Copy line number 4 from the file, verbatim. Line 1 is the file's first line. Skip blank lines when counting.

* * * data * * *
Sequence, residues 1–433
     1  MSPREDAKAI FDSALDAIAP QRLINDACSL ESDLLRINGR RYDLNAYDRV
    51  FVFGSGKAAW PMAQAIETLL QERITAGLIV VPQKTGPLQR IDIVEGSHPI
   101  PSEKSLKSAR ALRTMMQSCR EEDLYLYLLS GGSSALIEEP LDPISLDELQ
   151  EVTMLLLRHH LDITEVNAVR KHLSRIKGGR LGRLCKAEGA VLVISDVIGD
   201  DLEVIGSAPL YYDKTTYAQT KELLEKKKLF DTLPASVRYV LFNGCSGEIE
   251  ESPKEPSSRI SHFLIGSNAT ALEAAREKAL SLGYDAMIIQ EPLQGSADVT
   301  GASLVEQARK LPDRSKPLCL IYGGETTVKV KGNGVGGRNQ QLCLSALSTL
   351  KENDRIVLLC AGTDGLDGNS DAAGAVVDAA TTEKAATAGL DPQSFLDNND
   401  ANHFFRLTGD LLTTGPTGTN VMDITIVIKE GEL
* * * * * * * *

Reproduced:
   101  PSEKSLKSAR ALRTMMQSCR EEDLYLYLLS GGSSALIEEP LDPISLDELQ